When you leave Istanbul, by whichever means, you can’t help but marvel at how far and wide the city spreads. It took the better part of an hour before we left the greater Istanbul area and it took a whole lot longer before buildings started to give away to fields and fields to marshy areas where rice is cultivated. But before we came to the fields of sunflowers with round faces seeking the sun, we made a pitstop at a large roadside place that, very likely, caters mainly to the countless buses ferrying Aussies, Kiwis, and the odd Canaducks, to Gallipoli.
            There we were given a breakfast that was less fancy than it was satisfying but that certainly did the trick. Meanwhile, our bus was also pampered, not just with a full gas tank but by a man wielding a yellow brush that first spouted soap and then water. By the time we left, we were all feeling a whole lot more ready for what lay ahead.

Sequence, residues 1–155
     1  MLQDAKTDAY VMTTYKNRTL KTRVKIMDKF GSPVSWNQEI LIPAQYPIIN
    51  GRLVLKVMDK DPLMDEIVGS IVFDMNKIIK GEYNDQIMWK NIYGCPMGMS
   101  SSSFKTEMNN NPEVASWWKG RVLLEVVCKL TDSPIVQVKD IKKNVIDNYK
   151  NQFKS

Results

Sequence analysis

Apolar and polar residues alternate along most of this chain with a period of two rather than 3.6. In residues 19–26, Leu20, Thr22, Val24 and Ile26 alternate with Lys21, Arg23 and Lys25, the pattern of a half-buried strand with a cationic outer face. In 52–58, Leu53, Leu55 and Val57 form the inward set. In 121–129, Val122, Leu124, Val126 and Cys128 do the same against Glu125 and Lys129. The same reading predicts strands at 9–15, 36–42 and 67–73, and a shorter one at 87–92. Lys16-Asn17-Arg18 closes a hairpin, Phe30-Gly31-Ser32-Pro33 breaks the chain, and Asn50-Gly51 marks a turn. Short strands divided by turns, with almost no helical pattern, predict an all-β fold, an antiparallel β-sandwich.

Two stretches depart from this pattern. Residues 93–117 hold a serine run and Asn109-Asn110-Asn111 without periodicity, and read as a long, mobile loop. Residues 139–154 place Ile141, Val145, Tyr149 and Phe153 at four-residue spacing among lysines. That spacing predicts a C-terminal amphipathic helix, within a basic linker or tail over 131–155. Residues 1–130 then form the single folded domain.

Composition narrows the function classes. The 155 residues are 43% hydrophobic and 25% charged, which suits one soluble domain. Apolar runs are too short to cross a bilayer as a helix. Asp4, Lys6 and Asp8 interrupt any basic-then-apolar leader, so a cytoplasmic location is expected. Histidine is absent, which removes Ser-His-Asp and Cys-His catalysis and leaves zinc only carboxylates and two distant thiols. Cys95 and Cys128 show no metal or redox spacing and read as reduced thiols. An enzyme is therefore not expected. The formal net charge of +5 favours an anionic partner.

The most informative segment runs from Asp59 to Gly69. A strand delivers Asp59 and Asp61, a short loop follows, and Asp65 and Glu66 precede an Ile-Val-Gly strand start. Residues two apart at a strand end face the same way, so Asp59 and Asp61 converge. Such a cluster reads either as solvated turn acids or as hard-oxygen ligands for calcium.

After we drove close by the border with Greece, or Yunanistan as the Turks and Persians call it, Th and I soon admired the beautiful stretch of blue water that appeared to the north of us. Not an eager map reader, I had no clue where I was so I didn’t know we had entered the peninsula. Stubborn by nature, I almost got in a fight with my husband about the location of the North Pole. Unbeknownst to me, it was the Aegean, which is why it was where it was. 
           The Aegean will do that to a person. When Odysseus sailed away from Troy, he strayed from the sea into the clouds and it took him years to get home. It is a place that entangles and it will come between a husband and wife.